How can I present my character in a different way?
Emily McCarthy, US
Answer Alix replies
For some character art, cornerto-corner design with a fully fleshed-out scene may not suit the needs of the work. However, that doesn’t mean your standalone character needs to lack for story and context. A creative use of environment framing and well-designed breakouts can help ground your character within their world, while still allowing the versatility of being a vignette.
To start, you need a really solid silhouette for the outside shape of the piece. Creating a lot of small thumbnails to experiment with the push and pull of the negative and positive space will help create a composition that isn’t just a pleasing illustration, but also a strong design. For this example, I lay out a handful of thumbnails using both pencil on paper and a Cintiq tablet with Photoshop, until I find one that strikes a chord.
After I have my thumbnail down, I flesh it out as a sketch in Photoshop. I mainly focus on how the edges work within the white space. With everything laid out, I create a simple single Color layer to form the basis for a clipping mask. Every layer that’s created from this point onward will be clipped to this shape (using Alt while hovering over the layer panel).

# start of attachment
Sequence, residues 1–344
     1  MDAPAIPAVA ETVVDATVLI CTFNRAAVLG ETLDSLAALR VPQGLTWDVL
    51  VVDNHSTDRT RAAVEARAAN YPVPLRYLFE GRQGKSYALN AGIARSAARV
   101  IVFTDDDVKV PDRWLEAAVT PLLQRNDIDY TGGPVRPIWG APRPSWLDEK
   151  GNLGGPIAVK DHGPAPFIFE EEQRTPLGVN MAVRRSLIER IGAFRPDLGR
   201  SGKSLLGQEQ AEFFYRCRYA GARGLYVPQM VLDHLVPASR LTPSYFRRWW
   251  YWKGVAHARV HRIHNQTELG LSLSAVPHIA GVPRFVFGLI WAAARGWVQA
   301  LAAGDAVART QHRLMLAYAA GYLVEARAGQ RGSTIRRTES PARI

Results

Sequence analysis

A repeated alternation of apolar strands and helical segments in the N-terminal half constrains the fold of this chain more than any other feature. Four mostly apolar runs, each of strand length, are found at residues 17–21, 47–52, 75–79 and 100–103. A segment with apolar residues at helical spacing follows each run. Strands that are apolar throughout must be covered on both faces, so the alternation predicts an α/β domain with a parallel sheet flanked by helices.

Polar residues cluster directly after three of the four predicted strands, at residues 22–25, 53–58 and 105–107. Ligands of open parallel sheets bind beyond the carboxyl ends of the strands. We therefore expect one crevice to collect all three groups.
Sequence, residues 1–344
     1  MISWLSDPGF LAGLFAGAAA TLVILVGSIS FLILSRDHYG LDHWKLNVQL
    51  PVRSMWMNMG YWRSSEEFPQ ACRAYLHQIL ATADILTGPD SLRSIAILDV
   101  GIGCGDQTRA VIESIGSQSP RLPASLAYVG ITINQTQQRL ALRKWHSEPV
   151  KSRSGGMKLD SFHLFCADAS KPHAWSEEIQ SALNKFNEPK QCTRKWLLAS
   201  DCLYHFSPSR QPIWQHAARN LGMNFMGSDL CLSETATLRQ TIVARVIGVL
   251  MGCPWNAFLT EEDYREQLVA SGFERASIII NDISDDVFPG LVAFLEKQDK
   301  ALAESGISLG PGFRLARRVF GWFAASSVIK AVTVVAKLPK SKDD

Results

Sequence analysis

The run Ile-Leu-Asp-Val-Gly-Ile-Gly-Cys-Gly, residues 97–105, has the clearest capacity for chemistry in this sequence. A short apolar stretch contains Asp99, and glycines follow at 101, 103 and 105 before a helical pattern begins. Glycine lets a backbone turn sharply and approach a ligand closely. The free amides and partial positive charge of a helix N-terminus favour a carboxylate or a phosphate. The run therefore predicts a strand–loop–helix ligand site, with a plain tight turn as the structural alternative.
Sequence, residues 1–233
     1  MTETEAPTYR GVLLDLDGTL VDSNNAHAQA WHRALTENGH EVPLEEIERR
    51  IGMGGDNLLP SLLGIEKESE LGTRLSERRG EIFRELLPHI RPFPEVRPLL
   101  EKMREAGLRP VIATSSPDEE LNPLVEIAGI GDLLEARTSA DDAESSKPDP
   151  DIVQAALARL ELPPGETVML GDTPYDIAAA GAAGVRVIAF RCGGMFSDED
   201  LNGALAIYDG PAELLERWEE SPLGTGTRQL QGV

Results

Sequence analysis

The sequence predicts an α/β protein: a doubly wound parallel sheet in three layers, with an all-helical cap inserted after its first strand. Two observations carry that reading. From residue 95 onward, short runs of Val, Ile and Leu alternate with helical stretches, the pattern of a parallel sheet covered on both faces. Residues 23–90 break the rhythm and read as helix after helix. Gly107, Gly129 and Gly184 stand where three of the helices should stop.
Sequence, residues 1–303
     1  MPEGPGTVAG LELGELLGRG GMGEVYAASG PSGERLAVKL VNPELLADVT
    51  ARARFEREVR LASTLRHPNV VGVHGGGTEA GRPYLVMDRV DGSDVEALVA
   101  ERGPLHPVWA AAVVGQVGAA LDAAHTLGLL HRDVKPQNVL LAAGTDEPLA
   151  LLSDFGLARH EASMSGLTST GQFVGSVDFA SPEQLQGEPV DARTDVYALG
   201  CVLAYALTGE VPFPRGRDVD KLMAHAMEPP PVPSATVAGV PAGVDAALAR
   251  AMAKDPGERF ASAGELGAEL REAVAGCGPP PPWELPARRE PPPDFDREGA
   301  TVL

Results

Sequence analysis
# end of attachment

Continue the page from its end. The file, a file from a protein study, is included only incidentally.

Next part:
For finer control of elements inside the larger clipped area, I use the Layer Transparency lock (the checkerboard box in the layer panel) to keep my edges tidy. Rendering out the remainder with everything locked to the mask makes finishing up this vignette a breeze.
When locking down a design, thumbnails are key. I find that working on paper at first can help me loosen up and get a good flow down.